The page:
Lean Six Sigma Without the Jargon

Can one person trained in continuous process improvement and committed to efficiency, make a difference in any organization?

Absolutely, ONE person can be the starting point to introduce tools, thoughts, and “sprinkle” continuous process improvement into their organization or via projects.

Some of you may be scratching your head, given that the number-one success factor for any organization embarking or reigniting continuous process improvement has a support system or a Champion.

A Different Approach

Most of us have heard the terminology, Lean, Six Sigma, TPM, Baldridge, and so forth and you have seen the eye rolls or slight gag from those with a poor taste in their mouth from failed deployments. If you can feel the resistance before you even begin, don’t get discouraged. It just takes a Different Approach. You can use all these methods and tools without even using the words “Lean,” “Six Sigma,” or even “process.”  

Here are 6 quick ways to make improvements – even if you don’t have a champion.

  1. Know Your Customer & Identify Value – A customer is simply the recipient of a product or service, and value is everything that the customer is willing to pay for. If you know your customers, what they need, and how to produce – if changes require little resources, there is no need to launch a formal project – make the changes using the tools needed. If you require a few helping hands…
  2. Find your CREW – who are others within your team or company who are not only enthusiastic but influential in their teams to help you solve a problem?  Find a common thread or a common pain point to solve, and if you are lucky enough to have an engineer or quality person in your crew…that a bonus!  Again, don’t use jargon, but find colleagues who share the pain for the problem you are solving.  Find the value to your “crew” identify “What Is In It For Me” building the case for change is similar to building the case for value to your customers – but also value for those involved.
  3. Find & Eliminate Waste – A good practice is to start with a process or project that you are the subject matter expert and one that allows you to showcase WINs to build upon momentum and success. Identify an opportunity that you can influence. Start by looking at processes within your control. Is there waste that can be eliminated? Waste is anything that does not directly add value to the final product or service and is often characterized as transportation, motion, inventory, waiting, overproducing, over-processing or defects. Where is there more work than required? Where is there unnecessary transportation or movement of people? Where are the errors that need to be eliminated?  Sometimes, simply keeping a clean work area organized can boost productivity and reduce errors.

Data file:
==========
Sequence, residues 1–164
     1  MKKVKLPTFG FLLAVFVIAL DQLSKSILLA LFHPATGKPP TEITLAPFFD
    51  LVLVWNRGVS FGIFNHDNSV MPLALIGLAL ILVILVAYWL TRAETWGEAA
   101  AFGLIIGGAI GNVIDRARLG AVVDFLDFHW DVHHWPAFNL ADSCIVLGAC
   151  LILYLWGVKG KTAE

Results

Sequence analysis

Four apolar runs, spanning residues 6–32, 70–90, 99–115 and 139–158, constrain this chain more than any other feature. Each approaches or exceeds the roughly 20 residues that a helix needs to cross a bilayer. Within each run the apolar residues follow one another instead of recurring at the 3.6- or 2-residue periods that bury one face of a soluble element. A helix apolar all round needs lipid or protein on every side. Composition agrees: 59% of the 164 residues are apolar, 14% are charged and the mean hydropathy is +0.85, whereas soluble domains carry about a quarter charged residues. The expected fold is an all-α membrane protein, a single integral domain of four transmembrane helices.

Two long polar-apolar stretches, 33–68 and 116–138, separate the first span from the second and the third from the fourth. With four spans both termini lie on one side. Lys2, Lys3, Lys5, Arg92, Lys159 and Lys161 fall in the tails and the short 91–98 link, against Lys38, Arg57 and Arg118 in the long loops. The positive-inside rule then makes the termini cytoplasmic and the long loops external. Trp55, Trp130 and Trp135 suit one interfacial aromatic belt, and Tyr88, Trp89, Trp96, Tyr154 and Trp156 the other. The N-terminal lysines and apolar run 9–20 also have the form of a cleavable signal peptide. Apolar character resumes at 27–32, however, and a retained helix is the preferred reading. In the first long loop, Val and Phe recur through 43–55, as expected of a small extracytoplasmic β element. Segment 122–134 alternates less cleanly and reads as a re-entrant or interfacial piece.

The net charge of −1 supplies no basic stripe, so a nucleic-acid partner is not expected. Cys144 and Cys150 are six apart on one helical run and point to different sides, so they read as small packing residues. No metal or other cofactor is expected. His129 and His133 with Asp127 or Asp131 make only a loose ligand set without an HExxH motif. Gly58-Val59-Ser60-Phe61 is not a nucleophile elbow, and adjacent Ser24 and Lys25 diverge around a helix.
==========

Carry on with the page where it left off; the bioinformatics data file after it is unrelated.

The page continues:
4. Use Data or Collect Data – If you have data, document how it is performing now and compare it to the performance after the change. If not, document how it is performing now to help build your case for change if needed. To change something that requires approval, gather the data to support it.
  5. Find a Champion – if you can not find one in your organization at a minimum, find someone outside of your organization who can support you through the process.  Having a good mentor to help you with ideas on how to remove roadblocks, hurdles, address resistance is a must to keep you fueled and motivated when challenges appear. If you can not find one contact, she will gladly serve as a champion on strategy, techniques and lend you an ear to keep you motivated.
  6. Do not label or use jargon – You can do all of the above without even using the words “Lean,” “Six Sigma,” or even “process.” Engaging directly, working side by side, asking questions and discussing approach and ideas, not the terminology, will yield better results.

Bottom Line

When you can build an alignment or common interest and apply the human side to your continuous process improvement tool bel, success is bound to follow. True Continuous Improvement takes root when those who have embraced a new approach or way of thinking versus feeling as if they have been forced to use the latest fad, tools or method.  No one feels good about having something “done to them,” but they always welcome something they helped build and create value or made their life easier.

About the Author

Joselin Sams is the Founder and Managing Director of Exemplar360. She has been helping organizations for over 18 years to achieve excellence through Organizational Change Management, Lean Six Sigma application, project management, strategic planning, and facilitation. Her experience includes Fortune 500 organizations such as Chevron, El Paso Energy, Calpine Corporation, ADP and many others establish or re-ignite their Continuous Improvement Programs or as she likes to call it, “build their problem-solving muscles.” She is a certified Six Sigma Master Black Belt, Lean Sensei, Certified Project Manager, and Change Management professional.